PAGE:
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Lawskills.com Georgia Caselaw
GENTRY v. CHATEAU PROPERTIES.
A99A0252.
ELDRIDGE, Judge.
Dispossessory action. Cobb State Court. Before Judge Prodgers.
Defendant-appellant Eddie Gentry challenges the Cobb County State Court's grant of a directed verdict to plaintiff-appellee Chateau Properties in a dispossessory action. We affirm.
The following facts are undisputed: In 1995, Gentry purchased a mobile home which was anchored to property in the Castlewood Estates Mobile Home Park, located in Mableton, Cobb County. At that time, the park was owned by ROC Properties; Chateau Properties purchased the park in February 1997. Gentry never signed a lease for the lot on which the home was located, but paid rent on a month-to-month basis from 1995 until December 1997. On December 28, 1997, Chateau Properties gave Gentry 60 days notice to vacate the property, pursuant to OCGA 44-7-7. When Gentry failed to vacate, Chateau Properties filed this dispossessory action.
Gentry filed a motion to transfer the case to the Cobb County Superior Court, claiming that, because he owned stock in Chateau Properties, he had an ownership interest in the land. Accordingly, he argued, this case raised an issue regarding the title of land that had to be decided in superior court. The trial court found that Gentry was estopped from raising a challenge to Chateau Properties' title to the land during a dispossessory hearing and denied Gentry's motion to transfer.
A jury trial was conducted on July 9, 1998. Gentry acted pro se. Chateau Properties filed a motion in limine, which was granted by the trial court. The trial court gave Gentry the opportunity to proffer evidence excluded by the motion in limine for the purposes of an anticipated appeal.
On direct examination, Chateau Properties presented the testimony of its property manager, who testified as to the absence of a written lease between the parties and to the 60-day notice. She also testified that, if Gentry had signed a lease with Chateau Properties, it would have been a month-to-month contract. Chateau Properties also called Gentry for the purposes of cross-examination. He admitted that he did not have a written lease for the property and that he received the December 1997 notice to vacate. During his case-in-chief, Gentry explained to the jury that he believed he had acquired an estate for life from the previous lessee. However, he presented no evidence to support this assertion.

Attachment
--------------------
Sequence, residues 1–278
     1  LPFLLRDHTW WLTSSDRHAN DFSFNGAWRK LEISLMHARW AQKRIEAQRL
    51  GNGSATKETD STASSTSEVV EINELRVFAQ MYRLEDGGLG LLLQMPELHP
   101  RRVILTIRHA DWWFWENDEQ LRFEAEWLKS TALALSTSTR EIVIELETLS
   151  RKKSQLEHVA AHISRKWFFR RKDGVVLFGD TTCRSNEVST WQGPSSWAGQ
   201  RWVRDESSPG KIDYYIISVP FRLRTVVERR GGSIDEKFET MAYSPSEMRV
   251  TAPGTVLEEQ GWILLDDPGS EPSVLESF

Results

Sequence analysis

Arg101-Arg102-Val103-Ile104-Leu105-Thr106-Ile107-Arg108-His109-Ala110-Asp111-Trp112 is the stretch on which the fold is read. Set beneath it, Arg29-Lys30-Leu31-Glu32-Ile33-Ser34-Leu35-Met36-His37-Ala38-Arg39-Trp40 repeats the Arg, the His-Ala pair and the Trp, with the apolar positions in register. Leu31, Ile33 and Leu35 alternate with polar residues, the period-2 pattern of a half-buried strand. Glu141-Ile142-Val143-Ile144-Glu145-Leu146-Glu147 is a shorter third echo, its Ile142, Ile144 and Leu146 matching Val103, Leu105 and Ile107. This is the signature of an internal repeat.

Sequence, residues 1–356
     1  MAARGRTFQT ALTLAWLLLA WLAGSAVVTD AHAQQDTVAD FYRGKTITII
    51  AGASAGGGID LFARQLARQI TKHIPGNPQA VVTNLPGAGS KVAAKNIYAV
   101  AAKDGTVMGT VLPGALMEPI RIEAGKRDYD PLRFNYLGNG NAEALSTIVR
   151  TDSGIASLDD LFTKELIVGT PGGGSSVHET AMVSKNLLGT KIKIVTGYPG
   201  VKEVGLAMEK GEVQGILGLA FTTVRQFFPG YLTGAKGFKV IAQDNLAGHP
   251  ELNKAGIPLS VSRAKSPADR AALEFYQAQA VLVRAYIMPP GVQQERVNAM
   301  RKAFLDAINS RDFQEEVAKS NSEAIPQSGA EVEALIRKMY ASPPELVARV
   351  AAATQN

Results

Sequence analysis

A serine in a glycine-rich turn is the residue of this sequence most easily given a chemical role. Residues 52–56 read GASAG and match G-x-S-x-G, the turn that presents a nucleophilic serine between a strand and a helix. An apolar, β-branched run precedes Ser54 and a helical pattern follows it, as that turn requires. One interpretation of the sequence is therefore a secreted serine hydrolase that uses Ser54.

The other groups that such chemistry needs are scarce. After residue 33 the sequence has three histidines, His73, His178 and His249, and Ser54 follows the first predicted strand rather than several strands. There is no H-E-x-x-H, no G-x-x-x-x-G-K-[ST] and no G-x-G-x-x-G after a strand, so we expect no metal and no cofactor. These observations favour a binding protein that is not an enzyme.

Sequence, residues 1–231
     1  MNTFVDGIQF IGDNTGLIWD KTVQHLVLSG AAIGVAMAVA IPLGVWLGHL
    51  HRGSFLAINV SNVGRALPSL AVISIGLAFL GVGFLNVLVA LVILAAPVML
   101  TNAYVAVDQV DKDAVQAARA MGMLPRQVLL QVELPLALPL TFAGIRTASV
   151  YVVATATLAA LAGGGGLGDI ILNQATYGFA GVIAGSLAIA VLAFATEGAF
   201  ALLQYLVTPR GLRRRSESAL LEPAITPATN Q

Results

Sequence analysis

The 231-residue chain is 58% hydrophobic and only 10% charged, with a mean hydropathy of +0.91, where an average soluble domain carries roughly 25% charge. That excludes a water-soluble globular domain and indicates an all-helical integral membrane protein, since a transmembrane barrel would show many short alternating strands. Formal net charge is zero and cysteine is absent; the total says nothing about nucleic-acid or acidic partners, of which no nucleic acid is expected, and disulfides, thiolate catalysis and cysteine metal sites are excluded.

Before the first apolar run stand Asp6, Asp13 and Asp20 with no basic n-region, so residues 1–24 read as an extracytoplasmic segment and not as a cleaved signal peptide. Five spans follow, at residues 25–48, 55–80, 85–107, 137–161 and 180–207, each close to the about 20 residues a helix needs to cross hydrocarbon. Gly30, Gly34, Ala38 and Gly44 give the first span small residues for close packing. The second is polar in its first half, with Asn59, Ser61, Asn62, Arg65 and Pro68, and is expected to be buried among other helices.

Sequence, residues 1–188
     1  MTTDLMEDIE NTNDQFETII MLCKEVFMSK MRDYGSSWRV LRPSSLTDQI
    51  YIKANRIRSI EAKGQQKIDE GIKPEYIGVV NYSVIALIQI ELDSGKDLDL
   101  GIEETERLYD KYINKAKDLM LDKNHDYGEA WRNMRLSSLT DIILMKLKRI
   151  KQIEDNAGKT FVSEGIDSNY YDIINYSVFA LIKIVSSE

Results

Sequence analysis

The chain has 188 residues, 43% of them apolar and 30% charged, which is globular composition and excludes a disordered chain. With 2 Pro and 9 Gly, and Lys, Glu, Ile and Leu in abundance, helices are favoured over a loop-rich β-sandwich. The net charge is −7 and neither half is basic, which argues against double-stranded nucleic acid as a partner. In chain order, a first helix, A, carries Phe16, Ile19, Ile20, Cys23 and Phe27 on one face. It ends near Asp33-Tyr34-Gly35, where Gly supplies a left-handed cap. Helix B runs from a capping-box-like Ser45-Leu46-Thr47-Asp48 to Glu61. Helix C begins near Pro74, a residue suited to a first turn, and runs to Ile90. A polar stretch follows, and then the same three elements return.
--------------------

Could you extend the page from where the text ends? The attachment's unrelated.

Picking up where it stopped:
The trial court granted Chateau Properties' motion for directed verdict and issued a writ of possession. Gentry appeals. Held:
1. In his first enumeration, Gentry asserts that the trial court erred in failing to transfer the case to superior court, claiming that he had a partial ownership interest in the property pursuant to his ownership of stock in Chateau Properties. He claims that, under Art. VI, Sec. IV, Par. I of the Georgia Constitution of 1983, the superior court has jurisdiction over the case because it involves a dispute over the title of land. See also OCGA 15-6-8 (1).